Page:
Thursday 5th July marks the anniversary of the death of Sir Stamford Raffles, who died the day before his 45th birthday in 1826. He was born on 6th July 1781 on the ship Ann, off the Jamaica coast. That must have been a trial for his mother, Anne, but Raffles survived and after an early education in boarding school, in 1795, aged just 14, he began work as a clerk for the East India Company in order to support his mother and four sisters. From there, began a very illustrious career. In 1805, he was sent to Malaya, and aged 23 he became Assistant Secretary to the newly formed government in Penang. Raffles was keen to learn and undertook extensive exploration of the language, history and culture of the Malayan people. His work brought him to the attention of Lord Minto, Governor-General of India, and Raffles was appointed the agent to prepare the way for a naval invasion to remove the French from Java. Raffles became Governor-General of Java in 1811 and he undertook a series of reforms to improve conditions in the islands.
He returned to England in 1816, was knighted in 1817 and appointed as the Governor-General of Bencoolen (now Bengkulu, Indonesia) and from this position, he then was instrumental in the founding of modern Singapore. Raffles returned to England in 1824, and he became a member of the Royal Asiatic Society. He died in his home, Highwood House, in Mill Hill, north London, being survived by his second wife, Sophia, Lady Raffles and daughter, Ella.
Raffles and his wife were generous benefactors to the Royal Asiatic Society. He presented this engraving of the flower from the plant named after him, Rafflesia Arnoldi, to the Society in March 1826.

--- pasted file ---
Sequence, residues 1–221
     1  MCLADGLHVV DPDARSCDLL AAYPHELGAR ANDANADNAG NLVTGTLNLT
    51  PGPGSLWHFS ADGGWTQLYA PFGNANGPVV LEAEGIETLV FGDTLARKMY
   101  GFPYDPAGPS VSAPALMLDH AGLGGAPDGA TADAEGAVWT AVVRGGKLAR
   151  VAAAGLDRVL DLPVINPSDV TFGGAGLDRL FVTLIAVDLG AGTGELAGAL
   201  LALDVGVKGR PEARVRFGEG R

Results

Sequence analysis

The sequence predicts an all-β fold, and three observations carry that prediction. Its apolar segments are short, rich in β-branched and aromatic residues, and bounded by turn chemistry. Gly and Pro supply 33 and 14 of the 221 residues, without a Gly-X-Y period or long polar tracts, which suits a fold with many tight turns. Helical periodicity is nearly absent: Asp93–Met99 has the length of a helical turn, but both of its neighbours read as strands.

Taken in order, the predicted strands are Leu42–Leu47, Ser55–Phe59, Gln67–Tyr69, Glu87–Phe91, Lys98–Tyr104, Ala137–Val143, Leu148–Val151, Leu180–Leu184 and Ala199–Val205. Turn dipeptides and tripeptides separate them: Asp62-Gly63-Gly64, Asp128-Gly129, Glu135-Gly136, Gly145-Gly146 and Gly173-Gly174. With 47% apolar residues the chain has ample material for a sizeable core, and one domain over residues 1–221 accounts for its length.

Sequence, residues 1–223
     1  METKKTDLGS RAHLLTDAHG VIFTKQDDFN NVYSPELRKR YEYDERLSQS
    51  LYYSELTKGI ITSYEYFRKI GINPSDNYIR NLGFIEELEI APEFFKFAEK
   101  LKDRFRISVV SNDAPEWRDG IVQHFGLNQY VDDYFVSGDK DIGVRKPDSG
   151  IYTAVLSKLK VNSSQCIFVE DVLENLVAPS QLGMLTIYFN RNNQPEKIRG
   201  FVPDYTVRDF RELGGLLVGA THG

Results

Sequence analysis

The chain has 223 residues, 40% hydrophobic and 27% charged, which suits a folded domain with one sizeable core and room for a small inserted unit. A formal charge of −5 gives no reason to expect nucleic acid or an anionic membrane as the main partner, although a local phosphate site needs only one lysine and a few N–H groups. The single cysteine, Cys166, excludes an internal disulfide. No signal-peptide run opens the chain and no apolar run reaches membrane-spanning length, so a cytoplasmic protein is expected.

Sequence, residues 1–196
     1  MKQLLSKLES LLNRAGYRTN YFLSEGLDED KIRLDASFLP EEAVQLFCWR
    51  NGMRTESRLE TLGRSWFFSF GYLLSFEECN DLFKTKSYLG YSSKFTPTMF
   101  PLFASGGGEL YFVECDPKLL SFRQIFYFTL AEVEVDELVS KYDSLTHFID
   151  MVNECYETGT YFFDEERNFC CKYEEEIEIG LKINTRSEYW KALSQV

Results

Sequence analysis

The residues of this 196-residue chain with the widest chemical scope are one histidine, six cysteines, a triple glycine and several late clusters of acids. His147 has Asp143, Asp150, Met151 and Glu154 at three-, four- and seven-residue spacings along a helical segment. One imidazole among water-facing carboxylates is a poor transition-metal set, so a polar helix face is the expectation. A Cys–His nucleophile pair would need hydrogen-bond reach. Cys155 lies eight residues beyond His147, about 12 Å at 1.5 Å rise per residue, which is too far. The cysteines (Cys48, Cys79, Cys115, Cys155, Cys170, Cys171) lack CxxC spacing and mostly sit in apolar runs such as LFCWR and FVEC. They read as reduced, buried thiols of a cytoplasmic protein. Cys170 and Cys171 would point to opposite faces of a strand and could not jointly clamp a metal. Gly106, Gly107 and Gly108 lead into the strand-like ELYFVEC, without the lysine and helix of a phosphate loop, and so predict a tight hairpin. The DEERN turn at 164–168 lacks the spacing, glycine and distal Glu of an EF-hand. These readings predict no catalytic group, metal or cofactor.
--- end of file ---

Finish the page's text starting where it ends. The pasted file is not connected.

They also donated many manuscripts from SE Asia, several of which have been digitsed and are available to be seen on our Digital Library. Please take advantage of this opportunity to view in details more than 20 manuscripts which had belonged to Raffles. Here is just a single page from Malay 39, Sejarah Melayu. Its clarity is somewhat reduced on the blogsite, so I would encourage you to try out the precision to be seen in the images on the Digital Library.
Both Sir Stamford and Lady Raffles were generous donors but recently we have gained a more unusual item connected with Sir Stamford Raffles. Earlier this year, we were contacted by a stonemason to say that he had the old gravestone of Sir Stamford Raffles in his garage. He had been commissioned to create a new stone in 1999 and had stored the old one, not sure what to do with it. However, as he was about to move, he inquired whether we would accept it. So, we are now in possession of Raffles’ original gravestone. It is difficult to see due to erosion, but on this gravestone it was wrongly recorded that Raffles had reached 45 years. This has been corrected on the new one.
Next week, on Wednesday 11 July, 6.30 pm, we welcome Farrukh Husain, who will be in conversation with Victoria Schofield, for a guest talk, “Afghanistan in the Age of Empires”. They will be discussing his acclaimed account of the first Afghan war detailing the role of Afghan women in combat, the respective merits of Afghan and British weaponry, and how and why the Kabul uprising occurred on the anniversary of the battle of Badr in 1841. We hope we can welcome many of you on this occasion.